The University of Miami will return $83,000 in donations it received from Nevin Shapiro, a former booster, who was incarcerated for his role in running a $930 million Ponzi scheme.
As we reported in August, Shapiro revealed that he gave Miami players "cash, threw parties for them, hooked them up with prostitutes, entertained them at night clubs and let them use his cars." Many of the gifts were impermissible under NCAA rules. The NCAA launched an investigation and suspended eight players, including starting quarterback Jacory Harris. The university may still face sanctions.
The AP reports UM reached a deal with a bankruptcy trustee who will hand a part of that money to the ponzi scheme victims.
The Miami Herald points out the interesting part of the story: The agreement means former Miami players won't have to talk about what the gifts they received from Shapiro.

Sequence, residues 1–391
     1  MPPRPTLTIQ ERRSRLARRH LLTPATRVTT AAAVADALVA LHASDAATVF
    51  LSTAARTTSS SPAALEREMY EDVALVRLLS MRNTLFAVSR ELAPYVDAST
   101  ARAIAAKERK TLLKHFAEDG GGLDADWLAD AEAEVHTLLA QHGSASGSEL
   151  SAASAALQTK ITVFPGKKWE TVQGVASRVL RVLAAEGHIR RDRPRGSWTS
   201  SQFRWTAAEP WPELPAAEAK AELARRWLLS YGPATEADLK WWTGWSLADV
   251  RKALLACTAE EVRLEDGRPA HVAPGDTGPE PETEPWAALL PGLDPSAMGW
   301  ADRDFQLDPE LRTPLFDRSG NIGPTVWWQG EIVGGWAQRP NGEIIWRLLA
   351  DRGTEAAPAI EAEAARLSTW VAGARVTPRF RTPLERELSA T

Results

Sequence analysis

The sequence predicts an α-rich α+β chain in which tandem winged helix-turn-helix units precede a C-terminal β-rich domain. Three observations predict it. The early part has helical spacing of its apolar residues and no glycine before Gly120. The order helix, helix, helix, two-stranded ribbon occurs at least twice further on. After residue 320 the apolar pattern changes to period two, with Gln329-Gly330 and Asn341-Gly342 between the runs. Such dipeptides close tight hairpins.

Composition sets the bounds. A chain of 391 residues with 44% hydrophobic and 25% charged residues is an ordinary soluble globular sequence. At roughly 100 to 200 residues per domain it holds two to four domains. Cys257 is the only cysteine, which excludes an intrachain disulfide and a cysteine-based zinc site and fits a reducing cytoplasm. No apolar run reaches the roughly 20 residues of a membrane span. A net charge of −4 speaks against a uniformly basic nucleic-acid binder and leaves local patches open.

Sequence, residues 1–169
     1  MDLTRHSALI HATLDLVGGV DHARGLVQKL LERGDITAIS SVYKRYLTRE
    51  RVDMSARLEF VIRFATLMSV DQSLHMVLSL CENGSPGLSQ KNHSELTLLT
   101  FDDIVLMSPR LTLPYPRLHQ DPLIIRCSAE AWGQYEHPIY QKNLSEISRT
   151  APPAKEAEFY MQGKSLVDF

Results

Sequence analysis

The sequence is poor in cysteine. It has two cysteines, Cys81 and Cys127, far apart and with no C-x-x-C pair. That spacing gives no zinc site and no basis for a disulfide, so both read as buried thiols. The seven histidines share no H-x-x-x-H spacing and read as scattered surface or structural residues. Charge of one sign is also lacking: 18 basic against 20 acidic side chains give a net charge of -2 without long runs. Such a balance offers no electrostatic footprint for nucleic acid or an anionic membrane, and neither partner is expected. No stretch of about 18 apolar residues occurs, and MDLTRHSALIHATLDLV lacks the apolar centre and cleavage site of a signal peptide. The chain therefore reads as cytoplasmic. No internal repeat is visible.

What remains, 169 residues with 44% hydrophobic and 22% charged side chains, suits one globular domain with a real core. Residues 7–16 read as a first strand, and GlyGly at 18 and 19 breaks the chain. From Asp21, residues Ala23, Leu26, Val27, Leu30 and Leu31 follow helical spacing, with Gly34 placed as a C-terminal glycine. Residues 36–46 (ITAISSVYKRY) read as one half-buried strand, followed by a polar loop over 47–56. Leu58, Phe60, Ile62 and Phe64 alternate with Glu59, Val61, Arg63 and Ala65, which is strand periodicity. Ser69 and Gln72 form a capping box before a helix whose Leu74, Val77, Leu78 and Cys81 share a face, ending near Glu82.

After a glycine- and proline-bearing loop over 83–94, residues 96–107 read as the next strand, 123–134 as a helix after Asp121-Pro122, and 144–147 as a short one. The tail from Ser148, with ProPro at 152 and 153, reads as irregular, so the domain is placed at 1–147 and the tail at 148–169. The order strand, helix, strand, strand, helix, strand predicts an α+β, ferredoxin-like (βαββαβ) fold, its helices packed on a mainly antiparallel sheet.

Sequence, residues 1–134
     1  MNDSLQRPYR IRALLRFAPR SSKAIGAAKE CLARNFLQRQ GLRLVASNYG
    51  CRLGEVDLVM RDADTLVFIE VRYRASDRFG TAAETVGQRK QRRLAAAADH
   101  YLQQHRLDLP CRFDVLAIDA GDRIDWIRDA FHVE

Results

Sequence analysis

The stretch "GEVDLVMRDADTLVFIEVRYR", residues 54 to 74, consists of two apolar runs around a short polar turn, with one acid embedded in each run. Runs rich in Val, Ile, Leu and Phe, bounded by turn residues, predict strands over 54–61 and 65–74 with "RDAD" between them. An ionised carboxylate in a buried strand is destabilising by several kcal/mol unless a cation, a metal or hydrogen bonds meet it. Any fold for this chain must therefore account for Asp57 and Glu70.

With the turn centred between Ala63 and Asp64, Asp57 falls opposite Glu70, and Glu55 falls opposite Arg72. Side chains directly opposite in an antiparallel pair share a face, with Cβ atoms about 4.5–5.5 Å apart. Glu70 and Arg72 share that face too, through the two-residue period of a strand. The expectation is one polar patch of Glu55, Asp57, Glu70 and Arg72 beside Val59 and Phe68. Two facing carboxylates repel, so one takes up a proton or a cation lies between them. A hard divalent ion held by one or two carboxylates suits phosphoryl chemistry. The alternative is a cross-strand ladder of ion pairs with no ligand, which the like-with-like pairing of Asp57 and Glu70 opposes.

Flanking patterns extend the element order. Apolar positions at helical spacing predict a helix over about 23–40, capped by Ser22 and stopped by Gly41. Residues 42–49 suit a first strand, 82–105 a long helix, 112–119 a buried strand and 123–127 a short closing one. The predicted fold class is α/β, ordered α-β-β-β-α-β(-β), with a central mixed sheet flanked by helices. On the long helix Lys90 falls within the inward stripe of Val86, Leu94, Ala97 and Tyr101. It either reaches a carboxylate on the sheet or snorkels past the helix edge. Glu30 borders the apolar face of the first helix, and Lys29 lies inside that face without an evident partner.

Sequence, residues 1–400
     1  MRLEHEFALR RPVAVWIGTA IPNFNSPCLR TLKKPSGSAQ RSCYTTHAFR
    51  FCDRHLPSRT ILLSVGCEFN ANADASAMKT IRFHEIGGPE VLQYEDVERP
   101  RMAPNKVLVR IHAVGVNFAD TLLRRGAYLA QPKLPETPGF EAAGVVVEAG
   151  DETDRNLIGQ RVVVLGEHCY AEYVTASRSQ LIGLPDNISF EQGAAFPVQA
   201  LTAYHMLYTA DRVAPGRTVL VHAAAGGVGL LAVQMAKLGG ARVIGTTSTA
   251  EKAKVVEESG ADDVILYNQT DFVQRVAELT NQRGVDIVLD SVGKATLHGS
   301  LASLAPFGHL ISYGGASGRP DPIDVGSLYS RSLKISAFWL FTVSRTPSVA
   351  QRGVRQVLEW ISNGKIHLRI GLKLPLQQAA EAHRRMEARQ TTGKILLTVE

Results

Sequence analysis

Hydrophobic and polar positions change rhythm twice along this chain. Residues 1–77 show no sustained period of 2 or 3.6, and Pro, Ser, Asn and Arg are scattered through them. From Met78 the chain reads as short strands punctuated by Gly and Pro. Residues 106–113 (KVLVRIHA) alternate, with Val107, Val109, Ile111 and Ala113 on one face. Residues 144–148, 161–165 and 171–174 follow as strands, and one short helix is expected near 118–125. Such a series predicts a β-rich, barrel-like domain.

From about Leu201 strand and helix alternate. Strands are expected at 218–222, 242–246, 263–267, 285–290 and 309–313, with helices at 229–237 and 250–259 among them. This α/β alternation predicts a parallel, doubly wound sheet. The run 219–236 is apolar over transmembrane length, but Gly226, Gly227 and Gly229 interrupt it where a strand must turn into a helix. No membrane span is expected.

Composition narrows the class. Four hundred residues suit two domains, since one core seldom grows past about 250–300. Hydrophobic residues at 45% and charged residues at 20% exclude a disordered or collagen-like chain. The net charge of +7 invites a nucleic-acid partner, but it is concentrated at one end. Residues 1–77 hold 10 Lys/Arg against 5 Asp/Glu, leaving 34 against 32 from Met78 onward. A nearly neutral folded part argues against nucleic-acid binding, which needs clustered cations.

The Herald explains:
"The deal eliminates the likelihood of former Hurricane players having to disclose under oath potentially incriminating information about improper gifts received from Shapiro — testimony that might have further embarrassed the university.
"As for the money UM is paying, $55,610 will be shared among victims of Shapiro's Ponzi scheme and the remaining $27,390 will go the firm Tabas Freedman, which represents bankruptcy trustee Joel Tabas.The settlement must be approved by a bankruptcy court judge, Laurel Isicoff, Feb. 27 in downtown Miami, "but I see no reason why it wouldn't be approved," said Gary Freedman, who is representing Tabas."